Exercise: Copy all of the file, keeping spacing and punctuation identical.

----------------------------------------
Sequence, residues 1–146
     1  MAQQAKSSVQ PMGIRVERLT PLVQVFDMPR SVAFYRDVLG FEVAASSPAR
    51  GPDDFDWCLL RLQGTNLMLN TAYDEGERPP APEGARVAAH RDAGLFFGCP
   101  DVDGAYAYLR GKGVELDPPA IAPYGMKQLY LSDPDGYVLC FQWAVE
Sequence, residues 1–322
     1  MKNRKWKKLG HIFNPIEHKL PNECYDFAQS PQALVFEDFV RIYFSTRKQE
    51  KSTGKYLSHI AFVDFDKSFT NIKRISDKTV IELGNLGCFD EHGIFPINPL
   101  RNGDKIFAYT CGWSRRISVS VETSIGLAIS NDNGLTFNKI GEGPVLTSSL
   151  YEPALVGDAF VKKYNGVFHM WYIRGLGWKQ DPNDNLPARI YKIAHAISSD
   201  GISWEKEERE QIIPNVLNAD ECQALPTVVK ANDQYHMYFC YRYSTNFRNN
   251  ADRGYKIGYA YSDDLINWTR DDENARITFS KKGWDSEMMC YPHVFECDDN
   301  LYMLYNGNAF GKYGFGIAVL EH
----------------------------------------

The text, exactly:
Sequence, residues 1–146
     1  MAQQAKSSVQ PMGIRVERLT PLVQVFDMPR SVAFYRDVLG FEVAASSPAR
    51  GPDDFDWCLL RLQGTNLMLN TAYDEGERPP APEGARVAAH RDAGLFFGCP
   101  DVDGAYAYLR GKGVELDPPA IAPYGMKQLY LSDPDGYVLC FQWAVE
Sequence, residues 1–322
     1  MKNRKWKKLG HIFNPIEHKL PNECYDFAQS PQALVFEDFV RIYFSTRKQE
    51  KSTGKYLSHI AFVDFDKSFT NIKRISDKTV IELGNLGCFD EHGIFPINPL
   101  RNGDKIFAYT CGWSRRISVS VETSIGLAIS NDNGLTFNKI GEGPVLTSSL
   151  YEPALVGDAF VKKYNGVFHM WYIRGLGWKQ DPNDNLPARI YKIAHAISSD
   201  GISWEKEERE QIIPNVLNAD ECQALPTVVK ANDQYHMYFC YRYSTNFRNN
   251  ADRGYKIGYA YSDDLINWTR DDENARITFS KKGWDSEMMC YPHVFECDDN
   301  LYMLYNGNAF GKYGFGIAVL EH